I have this uber talented photographer friend. The Minnesota-native has been the focus of at least one fan fiction, had his photos of Owl City picked up and used for the band’s promotional materials, and is continuously featured in Alternative Press magazine.
Matt Vogel, 21, is awesome and I snagged a few minutes with him for a Q&A before he gets famous and way too busy. Take a look at his work–it’ll happen. Aside from photography, Matt also works as a web designer for Shed Web Design and is the Music Director for Idobi Radio.
Read on and see what got him started and why he doesn’t get hung up on glitzy gear and expensive lenses. And local musicians: If you’re looking for someone to take promotional photos of your band, this guy’s looking for some work. Shoot me an email/FB message and I’ll put you in touch.
Band Bombshell: What got you into music photography?
Matt Vogel: I went to my first concert when I was 16 and thought it was the coolest thing ever. Just the atmosphere of the whole thing and how much more real music felt when seeing an artist live… it was really incredible to me. So, I started going to more and more shows, and eventually started taking my mom’s camera to a few of the smaller local ones. I started building a portfolio and making contacts and eventually started working for some smaller online publications.
BB: Who is the best band you’ve worked with?
MV: In terms of favorite artists to watch, I love when I get to work with Imagine Dragons. They put on such an amazing live show and are absolutely captivating, they’re such good musicians. Another one of my favorite bands is Of Mice & Men. They’re a metalcore band who have a bit of a younger audience, but their intensity is amazing. Their crowds are so insane as well, it’s so much fun to shoot.
BB: Do you have any crazy stories from shooting at shows?
MV: Nothing too crazy! I’ve narrowly been missed by various things that are thrown or crowd-surfed into the photo pit… shoes, water bottles, beer bottles, people, etc. but have escaped major bodily harm every time.
BB: What’s next? Any awesome upcoming shows/freelance work?
MV: Tours die down in the winter months, so nothing huge on the horizon!
BB: Which publications have you been featured in?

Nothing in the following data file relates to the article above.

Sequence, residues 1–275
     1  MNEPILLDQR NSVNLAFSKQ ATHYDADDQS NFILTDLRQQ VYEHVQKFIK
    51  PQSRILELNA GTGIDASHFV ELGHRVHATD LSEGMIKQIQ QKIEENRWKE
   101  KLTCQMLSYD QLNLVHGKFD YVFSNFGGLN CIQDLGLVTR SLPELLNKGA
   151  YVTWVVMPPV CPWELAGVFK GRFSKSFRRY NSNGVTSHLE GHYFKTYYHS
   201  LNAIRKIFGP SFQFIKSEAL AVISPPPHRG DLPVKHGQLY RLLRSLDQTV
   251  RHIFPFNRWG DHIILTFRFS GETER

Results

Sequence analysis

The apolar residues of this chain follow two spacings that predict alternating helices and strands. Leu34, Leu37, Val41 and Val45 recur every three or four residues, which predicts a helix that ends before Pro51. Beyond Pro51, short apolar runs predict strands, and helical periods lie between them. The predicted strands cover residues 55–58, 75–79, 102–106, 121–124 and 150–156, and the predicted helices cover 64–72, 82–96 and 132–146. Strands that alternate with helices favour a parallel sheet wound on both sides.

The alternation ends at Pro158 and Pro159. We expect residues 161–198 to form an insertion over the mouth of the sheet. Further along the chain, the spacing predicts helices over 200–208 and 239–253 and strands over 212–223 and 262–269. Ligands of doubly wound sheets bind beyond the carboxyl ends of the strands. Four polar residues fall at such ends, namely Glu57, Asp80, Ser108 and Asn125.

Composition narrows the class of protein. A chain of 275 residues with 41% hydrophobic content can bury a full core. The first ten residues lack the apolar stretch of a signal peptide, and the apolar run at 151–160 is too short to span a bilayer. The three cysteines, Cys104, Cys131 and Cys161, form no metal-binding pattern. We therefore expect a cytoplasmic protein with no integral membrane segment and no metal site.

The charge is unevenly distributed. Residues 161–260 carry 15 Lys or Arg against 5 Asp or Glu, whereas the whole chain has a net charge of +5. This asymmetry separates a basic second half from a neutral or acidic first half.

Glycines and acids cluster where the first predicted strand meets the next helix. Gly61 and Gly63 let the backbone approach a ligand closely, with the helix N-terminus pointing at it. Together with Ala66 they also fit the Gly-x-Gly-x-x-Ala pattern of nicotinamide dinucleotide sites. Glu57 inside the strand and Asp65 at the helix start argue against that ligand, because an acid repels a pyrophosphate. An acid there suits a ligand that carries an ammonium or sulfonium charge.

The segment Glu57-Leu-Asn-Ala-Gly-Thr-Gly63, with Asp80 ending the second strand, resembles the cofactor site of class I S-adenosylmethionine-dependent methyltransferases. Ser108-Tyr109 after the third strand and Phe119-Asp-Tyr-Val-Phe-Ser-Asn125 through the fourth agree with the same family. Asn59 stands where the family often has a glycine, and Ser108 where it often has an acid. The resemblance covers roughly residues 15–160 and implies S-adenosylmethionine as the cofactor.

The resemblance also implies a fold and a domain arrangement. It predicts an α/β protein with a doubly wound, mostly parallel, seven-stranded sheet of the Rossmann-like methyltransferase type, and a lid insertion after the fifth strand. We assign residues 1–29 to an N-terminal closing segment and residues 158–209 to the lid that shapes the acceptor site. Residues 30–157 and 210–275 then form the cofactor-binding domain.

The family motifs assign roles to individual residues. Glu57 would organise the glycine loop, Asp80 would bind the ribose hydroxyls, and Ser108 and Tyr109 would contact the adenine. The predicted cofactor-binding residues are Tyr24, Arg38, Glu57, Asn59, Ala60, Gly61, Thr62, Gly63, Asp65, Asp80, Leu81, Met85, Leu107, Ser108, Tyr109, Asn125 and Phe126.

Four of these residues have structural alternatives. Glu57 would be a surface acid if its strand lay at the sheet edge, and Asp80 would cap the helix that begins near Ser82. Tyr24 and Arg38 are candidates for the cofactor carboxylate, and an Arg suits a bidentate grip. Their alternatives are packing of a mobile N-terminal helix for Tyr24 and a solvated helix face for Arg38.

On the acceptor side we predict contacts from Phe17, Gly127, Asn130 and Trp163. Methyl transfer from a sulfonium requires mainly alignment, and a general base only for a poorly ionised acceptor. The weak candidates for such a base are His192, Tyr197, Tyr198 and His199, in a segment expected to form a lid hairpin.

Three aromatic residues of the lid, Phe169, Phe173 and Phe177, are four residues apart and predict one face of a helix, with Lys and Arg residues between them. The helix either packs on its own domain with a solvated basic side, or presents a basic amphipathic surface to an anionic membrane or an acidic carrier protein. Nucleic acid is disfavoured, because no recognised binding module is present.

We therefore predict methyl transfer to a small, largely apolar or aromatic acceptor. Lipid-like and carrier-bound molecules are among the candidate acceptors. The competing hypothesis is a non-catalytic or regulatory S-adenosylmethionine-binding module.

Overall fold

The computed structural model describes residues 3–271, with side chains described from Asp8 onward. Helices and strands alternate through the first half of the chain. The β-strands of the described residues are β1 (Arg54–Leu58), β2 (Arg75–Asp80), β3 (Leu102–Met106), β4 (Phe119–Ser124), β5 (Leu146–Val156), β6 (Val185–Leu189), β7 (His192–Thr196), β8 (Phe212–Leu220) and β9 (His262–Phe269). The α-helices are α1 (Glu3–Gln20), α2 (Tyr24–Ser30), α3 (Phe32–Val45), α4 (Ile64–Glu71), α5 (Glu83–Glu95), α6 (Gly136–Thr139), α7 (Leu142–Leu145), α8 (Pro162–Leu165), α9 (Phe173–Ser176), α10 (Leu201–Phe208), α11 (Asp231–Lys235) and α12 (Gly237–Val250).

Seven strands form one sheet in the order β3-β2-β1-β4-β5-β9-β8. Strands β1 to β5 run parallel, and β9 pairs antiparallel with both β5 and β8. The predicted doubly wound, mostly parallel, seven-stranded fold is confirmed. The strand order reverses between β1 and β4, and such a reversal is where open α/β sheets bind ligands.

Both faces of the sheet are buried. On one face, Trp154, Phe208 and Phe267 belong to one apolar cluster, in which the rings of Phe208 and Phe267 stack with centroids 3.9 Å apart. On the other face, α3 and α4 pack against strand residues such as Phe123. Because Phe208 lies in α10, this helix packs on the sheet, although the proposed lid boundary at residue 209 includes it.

MV: I have shot for a number of internet publications and webzines in the past, but I mainly shoot for a music magazine called Alternative Press. Some photos I’ve shot for bands have ended up in other publications but I haven’t worked for them directly.
BB: Which is better, film or digital?
MV: I guess it depends on what your personal preference is and the situation you’re shooting in. I always shoot digital at shows for a number of reasons. The most important being the number of photos I need to take – for instance at an all day festival I’ll take 2,000 photos a day and end up with a couple dozen keepers, and maybe a handful that I really like. If you tried to shoot like that with film, it would be absolutely impossible.
BB: If you had an unlimited amount of money, which camera would you buy?
MV: If I really had unlimited money I’d buy every camera! To be honest I don’t even keep track of all the ultra-professional cameras that Vogue photographers shoot with or anything like that. Partially to reduce gear-envy and partially because I feel like it’s really healthy practice to work with what you have. Every photographer seems to go through a phase where they think their photos suck because they just need a certain camera or lens. Those things definitely help, but I’ve seen some absolutely amazing photos with $400 setups that are well beyond anything I’ll ever be able to do.
BB: Where do you think the best local music scene is?
MV: I’m from Minnesota, and only really know the local scene there, and don’t feel fit to judge too many others! Minnesota has a lot of really cool hip-hop artists and a ton of amazing smaller bands as well.
BB: Any tips for readers trying to make a go at concert photography?
MV: Just like anything else, the more you practice the better you get. Of course there are people who are naturally really amazing photographers and those who can’t seem to find their path in it, but either way shooting more never hurt anyone.